View Full Version : Gender and Communication

02-26-2007, 09:37 AM
As-salaamu 'alaikum wa rahmatAllah,

I was reading my sisters' Communications book and after reading this passage, I couldn't help but say out loud.. "SubhanAllah"

See if we can draw gems from Love Notes/Fiqh of Love based on the studies done.


S. A. Beebe and J. T. Masterson, “Gender and Communication,” Communicating in Small Groups: Principles and Practices¸ 8th Ed. (Boston: Pearson 2006): 105.

Gender and Communication

Deborah Tannen’s best-selling book You Just Don’t Understand struck a responsive chord by identifying gender differences in verbal communication. Her work popularized a research conclusion that most of us already know: Men and women have different communication patterns. Evidence indicates that men and women sometimes use language differently and that they also interpret nonverbal behavior differently. Clara Mayo and Nancy Henley[1] (http://#_ftn1) as well as Diana Ivy and Phil Backlund[2] (http://#_ftn2) are among the scholars who provide excellent comparisons of how males and females use and respond to nonverbal cues. Note some of the following conclusions about gender differences in sending and receiving nonverbal messages:

People of both sexes tend to move closer to women than to men.[3] (http://#_ftn3)

Women tend to move closer to others than mend do.[4] (http://#_ftn4)

Men tend to have less eye contact with others than women do.[5] (http://#_ftn5)

Women seem to use more expressive facial expressions than mend do.[6] (http://#_ftn6)

Men tend to use more gestures than women do.[7] (http://#_ftn7)

Men initiate touch more often than women do.[8] (http://#_ftn8)

Women speak with less volume than men do.[9] (http://#_ftn9)

Besides differing in their use of nonverbal behaviors, there is evidence that women tend to receive and interpret nonverbal messages more accurately. Why are there differences in the way males and females use and respond to nonverbal messages? Some theorize that the answer lies in physiological differences between men and women. But the leading explanation focuses on how men and women are socialized into society. Women typically are socialized to value interpersonal relationships to respond to others’ emotions, which are largely expressed nonverbally. Also, men typically have higher status in North American culture and in many other cultures throughout the world. And as we noted earlier, those of higher status are typically talked to more; receiving verbal information from others may lessen men’s need to interpret nonverbal messages.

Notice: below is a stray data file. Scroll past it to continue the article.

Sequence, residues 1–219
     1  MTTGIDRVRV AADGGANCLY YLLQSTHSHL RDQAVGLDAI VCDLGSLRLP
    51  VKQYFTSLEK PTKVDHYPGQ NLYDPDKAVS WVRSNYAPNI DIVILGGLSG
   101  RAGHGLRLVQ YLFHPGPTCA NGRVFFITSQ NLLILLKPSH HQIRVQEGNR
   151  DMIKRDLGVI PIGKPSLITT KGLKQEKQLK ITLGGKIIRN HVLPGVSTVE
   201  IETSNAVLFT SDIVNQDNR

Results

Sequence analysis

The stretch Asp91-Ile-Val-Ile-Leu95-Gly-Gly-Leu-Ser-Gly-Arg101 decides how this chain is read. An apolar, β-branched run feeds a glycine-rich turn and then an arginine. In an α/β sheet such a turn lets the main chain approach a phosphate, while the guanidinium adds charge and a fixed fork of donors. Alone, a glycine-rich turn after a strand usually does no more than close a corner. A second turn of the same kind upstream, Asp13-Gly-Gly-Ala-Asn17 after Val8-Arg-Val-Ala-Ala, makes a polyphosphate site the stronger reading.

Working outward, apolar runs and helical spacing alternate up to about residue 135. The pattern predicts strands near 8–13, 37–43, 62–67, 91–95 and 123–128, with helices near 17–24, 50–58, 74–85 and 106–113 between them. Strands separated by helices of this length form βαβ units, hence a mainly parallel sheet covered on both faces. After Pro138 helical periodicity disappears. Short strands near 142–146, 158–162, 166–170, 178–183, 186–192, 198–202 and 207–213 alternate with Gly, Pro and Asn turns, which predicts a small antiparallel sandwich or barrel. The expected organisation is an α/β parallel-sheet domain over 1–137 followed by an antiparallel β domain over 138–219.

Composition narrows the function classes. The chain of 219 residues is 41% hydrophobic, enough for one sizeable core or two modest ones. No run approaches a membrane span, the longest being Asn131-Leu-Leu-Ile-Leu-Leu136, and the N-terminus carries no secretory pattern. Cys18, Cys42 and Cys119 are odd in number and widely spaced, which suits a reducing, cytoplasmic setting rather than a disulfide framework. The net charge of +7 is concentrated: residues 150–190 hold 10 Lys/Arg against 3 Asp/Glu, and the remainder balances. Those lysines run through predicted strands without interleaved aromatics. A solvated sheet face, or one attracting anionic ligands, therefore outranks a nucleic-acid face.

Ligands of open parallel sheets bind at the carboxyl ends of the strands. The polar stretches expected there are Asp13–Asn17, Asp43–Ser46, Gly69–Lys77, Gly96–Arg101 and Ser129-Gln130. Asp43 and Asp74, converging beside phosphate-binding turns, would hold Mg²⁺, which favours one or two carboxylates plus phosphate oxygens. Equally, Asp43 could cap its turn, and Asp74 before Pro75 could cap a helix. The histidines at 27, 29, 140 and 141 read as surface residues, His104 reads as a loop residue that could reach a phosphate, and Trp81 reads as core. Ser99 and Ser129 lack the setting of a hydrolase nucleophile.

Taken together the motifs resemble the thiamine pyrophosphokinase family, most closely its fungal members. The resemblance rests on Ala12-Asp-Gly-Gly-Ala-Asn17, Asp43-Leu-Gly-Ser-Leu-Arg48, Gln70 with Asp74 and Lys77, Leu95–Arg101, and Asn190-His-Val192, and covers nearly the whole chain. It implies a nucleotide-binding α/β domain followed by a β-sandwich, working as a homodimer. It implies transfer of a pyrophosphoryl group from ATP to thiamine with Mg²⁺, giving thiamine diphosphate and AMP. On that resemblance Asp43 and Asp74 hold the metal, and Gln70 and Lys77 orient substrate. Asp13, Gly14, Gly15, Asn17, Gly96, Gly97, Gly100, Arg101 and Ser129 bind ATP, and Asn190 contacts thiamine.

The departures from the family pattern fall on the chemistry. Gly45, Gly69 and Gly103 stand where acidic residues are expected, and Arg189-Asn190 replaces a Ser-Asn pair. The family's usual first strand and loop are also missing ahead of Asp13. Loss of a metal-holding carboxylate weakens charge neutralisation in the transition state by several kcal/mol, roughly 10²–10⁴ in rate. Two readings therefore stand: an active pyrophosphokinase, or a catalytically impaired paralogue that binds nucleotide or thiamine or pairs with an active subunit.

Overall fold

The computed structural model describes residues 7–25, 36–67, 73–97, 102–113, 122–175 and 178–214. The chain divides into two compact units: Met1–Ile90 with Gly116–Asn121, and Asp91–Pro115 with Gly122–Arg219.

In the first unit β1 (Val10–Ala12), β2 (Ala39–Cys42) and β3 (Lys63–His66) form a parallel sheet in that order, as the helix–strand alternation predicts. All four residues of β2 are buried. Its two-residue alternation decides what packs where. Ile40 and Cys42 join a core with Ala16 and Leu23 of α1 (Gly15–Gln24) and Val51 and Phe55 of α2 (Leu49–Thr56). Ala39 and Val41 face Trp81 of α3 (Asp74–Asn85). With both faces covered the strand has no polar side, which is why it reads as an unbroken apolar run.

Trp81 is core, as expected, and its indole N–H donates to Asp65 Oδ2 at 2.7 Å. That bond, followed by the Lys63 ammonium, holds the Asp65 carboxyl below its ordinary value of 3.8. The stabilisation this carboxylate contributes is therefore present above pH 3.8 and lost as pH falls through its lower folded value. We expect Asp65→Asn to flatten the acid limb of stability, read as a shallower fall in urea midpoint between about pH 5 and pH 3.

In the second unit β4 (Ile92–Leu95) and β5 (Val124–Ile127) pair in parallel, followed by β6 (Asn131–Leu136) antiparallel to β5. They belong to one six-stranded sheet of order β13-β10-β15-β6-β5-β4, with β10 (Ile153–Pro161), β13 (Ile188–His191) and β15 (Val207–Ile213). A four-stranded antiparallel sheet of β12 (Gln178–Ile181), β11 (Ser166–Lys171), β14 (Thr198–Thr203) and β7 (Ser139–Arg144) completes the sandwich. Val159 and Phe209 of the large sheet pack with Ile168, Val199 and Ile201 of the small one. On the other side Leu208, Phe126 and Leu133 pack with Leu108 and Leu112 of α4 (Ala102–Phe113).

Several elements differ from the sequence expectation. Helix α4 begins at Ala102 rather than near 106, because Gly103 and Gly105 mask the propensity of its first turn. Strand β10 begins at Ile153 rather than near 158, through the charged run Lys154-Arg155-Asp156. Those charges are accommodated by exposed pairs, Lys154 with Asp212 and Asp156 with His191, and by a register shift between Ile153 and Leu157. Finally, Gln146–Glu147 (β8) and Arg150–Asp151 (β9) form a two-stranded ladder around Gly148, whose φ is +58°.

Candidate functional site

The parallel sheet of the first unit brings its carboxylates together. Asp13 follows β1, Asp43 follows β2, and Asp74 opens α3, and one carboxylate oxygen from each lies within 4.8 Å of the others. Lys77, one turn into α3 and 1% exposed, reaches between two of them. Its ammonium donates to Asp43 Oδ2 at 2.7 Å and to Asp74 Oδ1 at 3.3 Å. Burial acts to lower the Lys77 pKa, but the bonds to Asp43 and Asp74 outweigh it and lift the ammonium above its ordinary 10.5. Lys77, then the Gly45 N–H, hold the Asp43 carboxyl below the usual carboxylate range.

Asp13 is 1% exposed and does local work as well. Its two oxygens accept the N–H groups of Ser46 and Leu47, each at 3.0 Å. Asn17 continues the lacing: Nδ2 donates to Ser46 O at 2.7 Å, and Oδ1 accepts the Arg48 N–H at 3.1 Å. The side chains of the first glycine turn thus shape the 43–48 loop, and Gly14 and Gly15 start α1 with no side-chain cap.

The research conclusions reviewed here can help explain some of the differences in the way that men and women communicate in groups and teams. We emphasize, however, that these are research generalization; do not expect all men and all women to exhibit these differences. Contrary to the theme of the popular book by John Gray, Men Are from Mars, Women Are from Venus, men and women do not live on different planets. Therefore in your group deliberations, be cautious about always expecting to see these differences. But knowing that there can be gender differences in both verbal and nonverbal behavior may help you become both more flexible and tolerant when communicating with others in groups.
[1] (http://#_ftnref1) C. Mayo and N.Henley, Gender and Nonverbal Behavior (New York: Springer, 1981).

[2] (http://#_ftnref2) D.K. Ivy and P.Backlund, Exploring Gender Speak: Personal Effectiveness in Gender Communications, 2ed ed. (New York: McGraw-Hill, 2000).

[3] (http://#_ftnref3) G. Leventhal and M.Matturro, “Differential Effects of Spatial Crowding and Sex on Behavior,” Perceptual Motor Skills 50 (1980): 111-19.

[4] (http://#_ftnref4) R. Sommer, “Studies in Personal Space,” Sociometry 22 (1959): 247-60.

[5] (http://#_ftnref5) P. C. Ellsworth and L. M. Ludwig, “Visual Behavior in Social Interaction,” Journal of Communication 22 (1972): 375-403.

[6] (http://#_ftnref6) A. Mehrabian, Nonverbal Communication (Chicago: Aldine Atherton, 1972).

[7] (http://#_ftnref7) N. M. Henley, Body Politics: Power, Sex and Nonverbal Communication (Englewood Cliffs, NJ: Prentice-Hall, 1977)

[8] (http://#_ftnref8) Henley, Body Politics.

[9] (http://#_ftnref9) N. N. Markel, J. Long, and T. J. Saine, “Sex Effects in Conversational Interaction: Another Look at Male Dominance,” Human Communication Research 2 (1976): 35-64.WAllahu 'Alam